Uttrakhand – The state is a wholesome package for travellers. It is famously termed “Devbhoomi” (the abode of Gods), for Gangotri, Yamunotri, Kedarnath and Badrinath maintain that chaste aura. Whitewater rafting and Yoga in Rishikesh, legendary Ramjhula and Lakshmanjhula, serene blue lakes in Nainital, presence of wild animals in Jim Corbett National Park, around 500 species of flowers in Valley of Flowers, and land of some of the highest mountain peaks in the world – Nanda Devi, Kamet, Hardeol, Chaukhamba, Trishul- in short, a pit stop for most of the adventures you seek.

Kanyakumari – The southernmost point of India surrounded by sea on three sides, the place offers one of the most scenic sunset and sunrise views.

Bir Billing, Himachal Pradesh – It is a spot known as the highest paragliding site one would never regret having a bird’s eye view.   Her travel essentials include her LifeStraw (not when travelling in the Himalayas), a diary and a pen to journal her excursions, sunscreen lotion, a waterproof bag, and of course her camera and earphones. Prakriti enjoys the most her moments of solace. She could sit in a corner of the road for hours and observe everything that is around her. She is also fond of meeting strangers in unknown places, with a myriad of stories and experiences.  She hasn’t travelled around a single state in an exhaustive manner as of now but has covered certain towns, cities and even villages in around 17 states so far. She has planned to cover two more in the next two months. She feels it is essential to roam about every niche of a state to be thorough with it, and not just pay a visit to certain famous tourist spots. Although she has been to Dubai and Oman in her teenage years, she has decided to take up international travelling only after she has explored sufficient amount of her own country.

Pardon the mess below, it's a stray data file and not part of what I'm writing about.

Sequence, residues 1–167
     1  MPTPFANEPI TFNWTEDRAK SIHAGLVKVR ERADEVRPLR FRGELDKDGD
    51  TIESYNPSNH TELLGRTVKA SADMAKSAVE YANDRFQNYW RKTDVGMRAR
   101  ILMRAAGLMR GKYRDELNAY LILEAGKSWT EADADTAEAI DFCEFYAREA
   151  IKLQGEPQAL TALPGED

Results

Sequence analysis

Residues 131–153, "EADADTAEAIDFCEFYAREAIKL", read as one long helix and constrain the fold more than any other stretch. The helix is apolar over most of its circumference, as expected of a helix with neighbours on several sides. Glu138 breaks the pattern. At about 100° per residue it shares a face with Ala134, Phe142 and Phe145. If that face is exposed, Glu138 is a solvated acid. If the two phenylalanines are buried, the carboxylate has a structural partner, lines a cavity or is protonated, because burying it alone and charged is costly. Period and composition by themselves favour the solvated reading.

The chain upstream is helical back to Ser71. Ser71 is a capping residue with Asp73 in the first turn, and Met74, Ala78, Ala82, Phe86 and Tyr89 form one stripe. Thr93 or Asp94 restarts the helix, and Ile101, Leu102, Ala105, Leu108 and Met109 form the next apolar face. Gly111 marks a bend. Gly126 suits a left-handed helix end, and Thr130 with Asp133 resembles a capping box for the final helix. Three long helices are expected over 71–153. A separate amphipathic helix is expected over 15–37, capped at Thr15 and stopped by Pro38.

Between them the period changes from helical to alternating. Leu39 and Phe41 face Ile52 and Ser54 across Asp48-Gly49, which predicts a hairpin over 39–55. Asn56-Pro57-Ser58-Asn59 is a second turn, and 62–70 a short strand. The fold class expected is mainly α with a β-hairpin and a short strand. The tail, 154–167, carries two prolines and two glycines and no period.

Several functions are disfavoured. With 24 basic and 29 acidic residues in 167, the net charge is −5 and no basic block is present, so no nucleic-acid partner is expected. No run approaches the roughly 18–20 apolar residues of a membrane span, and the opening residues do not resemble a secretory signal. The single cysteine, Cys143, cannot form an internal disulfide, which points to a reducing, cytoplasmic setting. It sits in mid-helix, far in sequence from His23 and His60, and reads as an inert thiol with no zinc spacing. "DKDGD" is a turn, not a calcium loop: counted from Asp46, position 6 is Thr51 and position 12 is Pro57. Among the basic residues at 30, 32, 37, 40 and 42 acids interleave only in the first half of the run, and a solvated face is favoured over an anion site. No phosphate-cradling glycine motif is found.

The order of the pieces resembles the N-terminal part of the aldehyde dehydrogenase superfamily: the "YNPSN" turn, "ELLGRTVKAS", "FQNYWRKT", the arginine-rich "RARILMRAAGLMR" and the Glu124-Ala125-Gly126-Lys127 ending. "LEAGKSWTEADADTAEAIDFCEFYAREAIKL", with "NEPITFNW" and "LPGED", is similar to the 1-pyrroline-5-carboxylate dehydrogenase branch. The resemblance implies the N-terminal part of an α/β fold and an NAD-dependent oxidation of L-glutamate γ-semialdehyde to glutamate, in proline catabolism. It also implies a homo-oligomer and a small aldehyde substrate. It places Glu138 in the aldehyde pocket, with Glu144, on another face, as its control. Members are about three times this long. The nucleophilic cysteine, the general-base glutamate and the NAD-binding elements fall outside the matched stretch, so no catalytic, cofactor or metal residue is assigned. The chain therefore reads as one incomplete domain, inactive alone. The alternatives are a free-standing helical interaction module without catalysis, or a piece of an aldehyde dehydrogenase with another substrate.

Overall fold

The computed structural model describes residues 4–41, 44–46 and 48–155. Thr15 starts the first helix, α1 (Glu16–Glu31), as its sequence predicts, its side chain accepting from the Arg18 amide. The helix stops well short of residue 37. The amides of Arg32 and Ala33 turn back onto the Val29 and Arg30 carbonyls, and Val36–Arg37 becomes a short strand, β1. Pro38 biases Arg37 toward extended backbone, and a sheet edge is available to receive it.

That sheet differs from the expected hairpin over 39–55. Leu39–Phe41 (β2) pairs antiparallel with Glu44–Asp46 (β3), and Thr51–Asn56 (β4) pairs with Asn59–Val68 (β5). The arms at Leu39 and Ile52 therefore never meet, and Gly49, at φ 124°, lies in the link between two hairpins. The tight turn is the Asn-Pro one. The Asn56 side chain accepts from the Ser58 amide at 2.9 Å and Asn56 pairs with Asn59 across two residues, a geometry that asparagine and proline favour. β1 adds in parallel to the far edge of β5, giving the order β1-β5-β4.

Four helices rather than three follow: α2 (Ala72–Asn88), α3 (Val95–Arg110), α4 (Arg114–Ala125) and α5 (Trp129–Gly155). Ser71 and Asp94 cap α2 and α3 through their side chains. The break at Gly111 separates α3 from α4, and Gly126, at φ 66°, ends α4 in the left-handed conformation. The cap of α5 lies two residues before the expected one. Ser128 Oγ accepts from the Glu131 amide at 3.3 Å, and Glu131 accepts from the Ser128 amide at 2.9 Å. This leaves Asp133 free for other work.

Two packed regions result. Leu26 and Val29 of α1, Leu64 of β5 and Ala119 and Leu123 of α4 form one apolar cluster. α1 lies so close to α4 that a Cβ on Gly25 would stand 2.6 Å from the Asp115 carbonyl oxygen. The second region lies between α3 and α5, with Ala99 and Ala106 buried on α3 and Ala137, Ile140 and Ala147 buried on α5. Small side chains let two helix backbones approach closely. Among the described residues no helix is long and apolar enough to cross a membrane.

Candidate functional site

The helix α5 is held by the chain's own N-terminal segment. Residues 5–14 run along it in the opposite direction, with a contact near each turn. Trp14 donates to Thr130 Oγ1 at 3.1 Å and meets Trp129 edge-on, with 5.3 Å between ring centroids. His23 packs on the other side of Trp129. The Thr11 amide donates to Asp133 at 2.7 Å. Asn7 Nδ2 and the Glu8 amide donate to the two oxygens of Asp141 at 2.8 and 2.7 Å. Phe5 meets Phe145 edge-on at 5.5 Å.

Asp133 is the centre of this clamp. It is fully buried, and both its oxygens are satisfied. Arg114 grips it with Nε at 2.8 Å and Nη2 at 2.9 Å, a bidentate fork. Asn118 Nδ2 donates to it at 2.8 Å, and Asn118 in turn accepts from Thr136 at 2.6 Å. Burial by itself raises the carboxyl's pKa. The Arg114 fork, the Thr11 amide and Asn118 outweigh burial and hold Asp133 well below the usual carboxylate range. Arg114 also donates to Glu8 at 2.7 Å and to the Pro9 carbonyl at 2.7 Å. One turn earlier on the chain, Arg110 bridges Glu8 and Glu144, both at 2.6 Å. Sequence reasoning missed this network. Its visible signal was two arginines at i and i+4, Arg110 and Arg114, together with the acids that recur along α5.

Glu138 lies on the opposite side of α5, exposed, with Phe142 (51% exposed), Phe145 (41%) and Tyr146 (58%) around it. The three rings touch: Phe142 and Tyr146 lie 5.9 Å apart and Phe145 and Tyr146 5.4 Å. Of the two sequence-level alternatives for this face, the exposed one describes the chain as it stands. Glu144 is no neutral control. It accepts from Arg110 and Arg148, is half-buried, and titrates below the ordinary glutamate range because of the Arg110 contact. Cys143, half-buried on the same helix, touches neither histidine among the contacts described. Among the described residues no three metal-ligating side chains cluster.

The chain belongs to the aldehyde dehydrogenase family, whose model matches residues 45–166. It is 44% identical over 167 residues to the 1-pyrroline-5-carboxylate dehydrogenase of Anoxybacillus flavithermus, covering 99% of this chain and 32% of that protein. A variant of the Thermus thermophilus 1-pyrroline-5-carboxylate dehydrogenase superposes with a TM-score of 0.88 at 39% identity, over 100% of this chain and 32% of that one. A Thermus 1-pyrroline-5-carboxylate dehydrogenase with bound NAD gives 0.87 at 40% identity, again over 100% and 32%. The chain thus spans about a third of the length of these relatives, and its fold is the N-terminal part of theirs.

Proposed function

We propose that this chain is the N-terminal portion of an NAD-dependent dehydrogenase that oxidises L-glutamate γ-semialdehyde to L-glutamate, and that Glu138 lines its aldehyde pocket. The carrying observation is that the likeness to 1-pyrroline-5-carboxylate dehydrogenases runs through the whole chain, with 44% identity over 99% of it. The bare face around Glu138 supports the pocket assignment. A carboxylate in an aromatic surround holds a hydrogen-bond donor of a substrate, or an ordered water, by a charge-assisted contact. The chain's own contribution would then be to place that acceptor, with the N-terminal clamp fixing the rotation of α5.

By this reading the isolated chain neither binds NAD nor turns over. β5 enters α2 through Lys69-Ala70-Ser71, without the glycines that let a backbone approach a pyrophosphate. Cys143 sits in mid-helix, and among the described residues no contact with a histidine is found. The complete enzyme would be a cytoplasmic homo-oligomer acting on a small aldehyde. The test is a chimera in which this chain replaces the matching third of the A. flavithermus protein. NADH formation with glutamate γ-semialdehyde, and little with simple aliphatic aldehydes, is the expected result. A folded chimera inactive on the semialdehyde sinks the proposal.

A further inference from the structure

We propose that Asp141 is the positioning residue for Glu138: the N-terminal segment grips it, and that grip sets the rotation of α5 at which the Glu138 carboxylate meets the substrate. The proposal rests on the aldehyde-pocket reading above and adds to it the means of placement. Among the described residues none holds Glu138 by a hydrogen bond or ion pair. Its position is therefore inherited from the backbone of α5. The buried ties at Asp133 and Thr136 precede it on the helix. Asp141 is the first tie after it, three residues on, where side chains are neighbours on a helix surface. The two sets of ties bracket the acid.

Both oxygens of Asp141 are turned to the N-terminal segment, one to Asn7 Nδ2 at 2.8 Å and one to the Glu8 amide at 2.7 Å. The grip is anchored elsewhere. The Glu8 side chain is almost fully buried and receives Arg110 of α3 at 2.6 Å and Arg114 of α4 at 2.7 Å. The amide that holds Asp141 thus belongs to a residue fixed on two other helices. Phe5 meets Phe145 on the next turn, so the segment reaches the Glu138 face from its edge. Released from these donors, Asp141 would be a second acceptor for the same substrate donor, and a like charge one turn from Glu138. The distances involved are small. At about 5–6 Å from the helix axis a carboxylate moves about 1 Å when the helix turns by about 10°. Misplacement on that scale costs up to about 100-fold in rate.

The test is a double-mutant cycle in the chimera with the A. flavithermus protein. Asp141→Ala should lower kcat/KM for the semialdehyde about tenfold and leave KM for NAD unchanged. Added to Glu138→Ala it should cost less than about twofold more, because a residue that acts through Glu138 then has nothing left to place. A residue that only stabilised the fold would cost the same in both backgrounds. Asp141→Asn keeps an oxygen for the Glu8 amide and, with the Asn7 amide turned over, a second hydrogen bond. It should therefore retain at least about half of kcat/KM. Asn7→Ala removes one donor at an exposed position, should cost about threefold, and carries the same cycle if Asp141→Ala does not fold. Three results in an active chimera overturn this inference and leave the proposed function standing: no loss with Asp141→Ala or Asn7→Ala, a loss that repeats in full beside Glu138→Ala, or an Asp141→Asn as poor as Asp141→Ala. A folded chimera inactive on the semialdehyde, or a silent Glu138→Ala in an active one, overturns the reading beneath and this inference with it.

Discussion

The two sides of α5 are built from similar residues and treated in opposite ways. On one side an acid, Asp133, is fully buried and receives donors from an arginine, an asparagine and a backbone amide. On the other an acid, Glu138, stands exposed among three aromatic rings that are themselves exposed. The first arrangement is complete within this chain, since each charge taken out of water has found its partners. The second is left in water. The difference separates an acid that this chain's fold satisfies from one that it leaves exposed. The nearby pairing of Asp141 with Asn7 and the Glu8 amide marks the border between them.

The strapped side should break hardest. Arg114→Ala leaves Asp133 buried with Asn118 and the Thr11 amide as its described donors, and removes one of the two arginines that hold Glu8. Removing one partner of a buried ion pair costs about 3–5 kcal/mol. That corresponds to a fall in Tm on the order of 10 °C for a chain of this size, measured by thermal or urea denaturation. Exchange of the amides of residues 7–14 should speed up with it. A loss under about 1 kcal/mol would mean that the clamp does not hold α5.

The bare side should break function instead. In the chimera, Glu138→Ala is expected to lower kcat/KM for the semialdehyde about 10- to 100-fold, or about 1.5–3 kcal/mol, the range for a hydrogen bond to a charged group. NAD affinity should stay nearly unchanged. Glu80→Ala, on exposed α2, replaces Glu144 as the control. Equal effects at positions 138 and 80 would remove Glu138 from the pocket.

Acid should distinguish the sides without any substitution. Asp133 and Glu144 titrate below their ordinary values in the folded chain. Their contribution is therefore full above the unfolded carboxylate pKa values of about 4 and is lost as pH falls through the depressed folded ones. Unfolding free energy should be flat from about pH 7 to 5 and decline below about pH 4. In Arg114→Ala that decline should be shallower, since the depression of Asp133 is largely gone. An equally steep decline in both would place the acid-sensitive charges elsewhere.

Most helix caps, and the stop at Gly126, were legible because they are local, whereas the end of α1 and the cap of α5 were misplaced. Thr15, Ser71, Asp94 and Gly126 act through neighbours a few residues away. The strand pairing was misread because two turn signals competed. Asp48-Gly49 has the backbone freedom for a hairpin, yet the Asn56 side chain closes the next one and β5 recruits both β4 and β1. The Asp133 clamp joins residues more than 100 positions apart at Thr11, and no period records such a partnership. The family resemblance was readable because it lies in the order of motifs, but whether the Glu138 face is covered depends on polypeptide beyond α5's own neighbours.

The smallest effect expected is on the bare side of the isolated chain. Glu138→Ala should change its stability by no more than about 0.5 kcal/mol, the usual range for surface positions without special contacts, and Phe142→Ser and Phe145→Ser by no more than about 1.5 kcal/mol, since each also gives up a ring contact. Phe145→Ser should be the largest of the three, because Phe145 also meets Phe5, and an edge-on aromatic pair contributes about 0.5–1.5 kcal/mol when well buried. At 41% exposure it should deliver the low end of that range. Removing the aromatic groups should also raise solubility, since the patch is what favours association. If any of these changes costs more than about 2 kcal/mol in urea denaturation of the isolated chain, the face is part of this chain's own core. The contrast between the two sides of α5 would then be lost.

Travelling has transformed Prakriti’s core as a whole. According to her, it is an essential method or resource for learning which teaches you what you cannot grab through books. Bonding with strangers, having faith in your instincts to trust, give in to the universe, and never give up even when you fall apart. A lesson she abides to is “We can go way beyond our limits.” She recounts an anecdote of her visit to Shrikhand Mahadev, one of the toughest pilgrimages in India. During the initial phase, she made her mind to give up due to incessant exertion and injury in her knee, but she was determined to complete her journey. The sight of the 72 feet tall Shivling after the commencement of a tedious journey was definitely something to vouch for!

 

Chandertaal Lake

Bir Billing, Himachal

Chandrashila Top, Uttrakhand

Kanyakumari

Langza, Spiti Valley

Last light, Kanyakumari

Mane, Spiti Valley

Mt. Dronagiri, Uttrakhand

Spiti Valley

Trekking in Himachal

 

Varshney shares an interesting tale from one of her travel adventures.  “While I was in Spiti Valley for two months, August-September, I decided to hike to Key Monastery which was about 14 km from Kaza. After walking for about 6 km, I witnessed a splendid view at the turn of a road. I remained frozen to that spot for almost two and a half hours. I was unaware of the curiosity I created among passers-by, until a couple passing by on a motorbike decided to halt. They too were on the way to Key Monastery. At first, they thought that I might be taking a break due to exhaustion, but they saw me sitting at the same spot while returning hence they stopped by and asked.  I burst out laughing and had no answer to their query! They even offered a ride back to Kaza but I was completely embarrassed by now.”